Every Second Counts

Every Second Counts

Nathan Shube, Co Editor in Chief

This past Monday marked a significant occurrence that only happens once every four years: February 28 was followed by February 29.  The additional day is necessary, as we all know, to keep our calendar in line with seasonal and astrological occurrences. Otherwise, Christmas would eventually end up occurring during the hottest month of the year. Well, did you know that besides leap years, we also have leap seconds?


According to USA Today, our last leap second occurred on June 30, 2015. Such additions to time are necessary in order to keep the “atomic clock synched up with the Earth’s rotation.” The Earth actually rotates in a somewhat irregularly way due to various forms of gravity pulling on our planet. This causes the Earth’s rotation to slow down slightly. Leap seconds have to periodically be added in to keep us in line with the atomic clocks, which among other things helps run programs like GPS. We add a leap second a little less than every two years.


But I suppose you find yourself wondering, “why do we need to add a second? It’s just one small moment in time. How big a deal can that be?” Since the atomic clock was started in 1972, there would now be a 36 second difference between it’s time and the Earth’s actual position in space if leap seconds had not been added. And much like how eventually, if we skipped leap day, Christmas would end up in summertime, eventually, those seconds would add up, and it would be dark at noon. It is strange to think about, but actually a very real problem in the minds of scientists.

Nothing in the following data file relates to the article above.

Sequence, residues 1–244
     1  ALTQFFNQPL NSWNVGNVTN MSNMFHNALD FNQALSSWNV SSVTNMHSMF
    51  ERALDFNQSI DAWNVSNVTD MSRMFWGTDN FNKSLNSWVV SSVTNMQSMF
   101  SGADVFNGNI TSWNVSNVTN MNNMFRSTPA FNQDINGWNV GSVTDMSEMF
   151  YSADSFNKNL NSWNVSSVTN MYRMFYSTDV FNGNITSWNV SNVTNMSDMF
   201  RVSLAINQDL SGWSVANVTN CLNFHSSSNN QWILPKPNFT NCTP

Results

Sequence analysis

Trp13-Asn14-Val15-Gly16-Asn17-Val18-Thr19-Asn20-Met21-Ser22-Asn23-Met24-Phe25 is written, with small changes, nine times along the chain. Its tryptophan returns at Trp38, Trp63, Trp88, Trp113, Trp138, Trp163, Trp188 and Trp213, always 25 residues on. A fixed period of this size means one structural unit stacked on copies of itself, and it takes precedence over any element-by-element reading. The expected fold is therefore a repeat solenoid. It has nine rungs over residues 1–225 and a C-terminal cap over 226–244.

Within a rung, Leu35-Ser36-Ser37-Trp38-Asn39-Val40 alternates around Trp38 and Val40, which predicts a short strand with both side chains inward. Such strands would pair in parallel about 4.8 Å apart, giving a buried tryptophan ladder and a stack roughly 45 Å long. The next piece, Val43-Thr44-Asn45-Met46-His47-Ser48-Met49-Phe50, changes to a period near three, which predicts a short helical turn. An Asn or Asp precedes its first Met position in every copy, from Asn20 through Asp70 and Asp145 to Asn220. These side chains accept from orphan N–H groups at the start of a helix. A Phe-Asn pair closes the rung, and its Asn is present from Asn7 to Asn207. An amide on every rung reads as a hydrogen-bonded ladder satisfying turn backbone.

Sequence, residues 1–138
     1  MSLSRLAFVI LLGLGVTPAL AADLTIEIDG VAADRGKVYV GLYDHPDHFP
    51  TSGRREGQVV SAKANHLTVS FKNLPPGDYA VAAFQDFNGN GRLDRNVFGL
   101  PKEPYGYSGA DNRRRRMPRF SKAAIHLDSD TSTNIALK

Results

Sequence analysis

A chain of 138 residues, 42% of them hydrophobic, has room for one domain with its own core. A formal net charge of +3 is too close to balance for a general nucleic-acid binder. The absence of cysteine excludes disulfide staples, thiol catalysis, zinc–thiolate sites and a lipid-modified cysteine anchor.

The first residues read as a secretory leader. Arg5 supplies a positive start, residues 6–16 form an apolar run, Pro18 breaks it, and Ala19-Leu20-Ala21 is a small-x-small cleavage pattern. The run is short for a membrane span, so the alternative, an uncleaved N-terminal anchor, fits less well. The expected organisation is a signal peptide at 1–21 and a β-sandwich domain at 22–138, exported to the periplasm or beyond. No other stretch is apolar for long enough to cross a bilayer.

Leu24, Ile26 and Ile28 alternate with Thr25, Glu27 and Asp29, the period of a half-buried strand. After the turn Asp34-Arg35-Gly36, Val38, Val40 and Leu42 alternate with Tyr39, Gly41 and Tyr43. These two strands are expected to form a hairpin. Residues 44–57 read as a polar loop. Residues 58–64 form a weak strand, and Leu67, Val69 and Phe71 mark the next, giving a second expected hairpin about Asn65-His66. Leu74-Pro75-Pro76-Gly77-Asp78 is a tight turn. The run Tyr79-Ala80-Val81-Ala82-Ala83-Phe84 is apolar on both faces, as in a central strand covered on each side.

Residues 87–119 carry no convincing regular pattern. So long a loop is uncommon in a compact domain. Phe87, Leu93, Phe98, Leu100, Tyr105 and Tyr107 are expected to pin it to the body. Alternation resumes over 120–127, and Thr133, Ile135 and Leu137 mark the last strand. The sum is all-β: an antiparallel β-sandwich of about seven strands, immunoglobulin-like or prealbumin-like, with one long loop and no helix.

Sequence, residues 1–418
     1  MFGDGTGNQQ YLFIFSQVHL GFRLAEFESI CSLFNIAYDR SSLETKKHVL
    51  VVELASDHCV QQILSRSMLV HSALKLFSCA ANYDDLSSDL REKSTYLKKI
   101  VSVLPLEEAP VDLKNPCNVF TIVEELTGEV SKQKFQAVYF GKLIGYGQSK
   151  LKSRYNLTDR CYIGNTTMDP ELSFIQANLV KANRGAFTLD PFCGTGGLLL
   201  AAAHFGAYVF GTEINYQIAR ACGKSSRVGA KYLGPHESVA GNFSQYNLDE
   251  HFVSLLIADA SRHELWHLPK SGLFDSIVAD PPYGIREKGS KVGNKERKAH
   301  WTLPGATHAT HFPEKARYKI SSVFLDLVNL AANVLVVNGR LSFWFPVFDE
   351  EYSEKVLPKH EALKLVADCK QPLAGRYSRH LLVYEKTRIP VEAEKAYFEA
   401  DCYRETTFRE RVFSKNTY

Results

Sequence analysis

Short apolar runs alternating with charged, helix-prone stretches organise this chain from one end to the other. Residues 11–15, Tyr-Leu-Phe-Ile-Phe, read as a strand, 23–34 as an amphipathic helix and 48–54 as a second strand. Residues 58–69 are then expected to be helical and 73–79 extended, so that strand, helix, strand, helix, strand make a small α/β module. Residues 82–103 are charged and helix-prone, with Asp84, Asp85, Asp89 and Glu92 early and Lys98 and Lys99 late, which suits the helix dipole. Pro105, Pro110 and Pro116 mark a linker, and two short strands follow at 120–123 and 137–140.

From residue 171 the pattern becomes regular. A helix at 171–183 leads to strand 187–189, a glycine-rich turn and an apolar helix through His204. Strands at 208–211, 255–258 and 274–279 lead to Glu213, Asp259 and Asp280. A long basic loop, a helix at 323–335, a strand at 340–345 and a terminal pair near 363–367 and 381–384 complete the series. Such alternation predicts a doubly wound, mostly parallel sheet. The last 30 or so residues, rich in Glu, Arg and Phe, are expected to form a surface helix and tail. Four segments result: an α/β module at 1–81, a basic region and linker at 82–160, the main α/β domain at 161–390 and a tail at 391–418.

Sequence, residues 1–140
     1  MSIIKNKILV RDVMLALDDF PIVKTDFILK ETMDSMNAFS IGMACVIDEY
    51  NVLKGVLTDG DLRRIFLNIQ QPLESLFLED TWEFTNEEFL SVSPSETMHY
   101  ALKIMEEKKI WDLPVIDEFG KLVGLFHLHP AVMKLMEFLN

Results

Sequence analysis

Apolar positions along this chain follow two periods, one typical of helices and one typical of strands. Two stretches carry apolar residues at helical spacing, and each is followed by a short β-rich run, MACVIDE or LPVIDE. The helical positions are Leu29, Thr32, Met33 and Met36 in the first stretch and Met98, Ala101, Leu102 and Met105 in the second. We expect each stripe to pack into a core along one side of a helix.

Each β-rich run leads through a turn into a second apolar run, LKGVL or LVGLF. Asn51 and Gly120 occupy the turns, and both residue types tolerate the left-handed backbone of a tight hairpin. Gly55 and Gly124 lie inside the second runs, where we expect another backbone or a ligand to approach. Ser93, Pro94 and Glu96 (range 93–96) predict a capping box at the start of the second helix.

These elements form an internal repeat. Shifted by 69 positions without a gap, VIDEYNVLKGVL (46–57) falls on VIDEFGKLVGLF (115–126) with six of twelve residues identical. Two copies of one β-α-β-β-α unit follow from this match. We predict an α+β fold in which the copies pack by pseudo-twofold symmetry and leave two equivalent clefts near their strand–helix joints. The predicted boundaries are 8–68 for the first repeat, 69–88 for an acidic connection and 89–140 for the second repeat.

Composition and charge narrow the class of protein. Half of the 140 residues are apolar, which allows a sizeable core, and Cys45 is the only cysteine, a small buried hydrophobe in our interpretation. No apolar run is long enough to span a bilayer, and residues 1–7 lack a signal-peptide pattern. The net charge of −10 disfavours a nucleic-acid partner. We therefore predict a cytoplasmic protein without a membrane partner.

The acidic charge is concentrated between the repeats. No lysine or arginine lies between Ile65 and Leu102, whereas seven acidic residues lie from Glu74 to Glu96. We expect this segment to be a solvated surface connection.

The way that a leap second is added is that at 11:59:59 PM (UTC), the atomic clocks add an extra second to the day, thus making it 11:59:60 PM (UTC). Then everything resets with 12:00:00 AM UTC the next next second, and most people never know the difference. Lily Clark (12) extrapolated that “learning about the leap second taught [her] to make the most of every moment.” So be on the look out for the next leap second, and remember, we may take time for granted, but scientists are counting every second.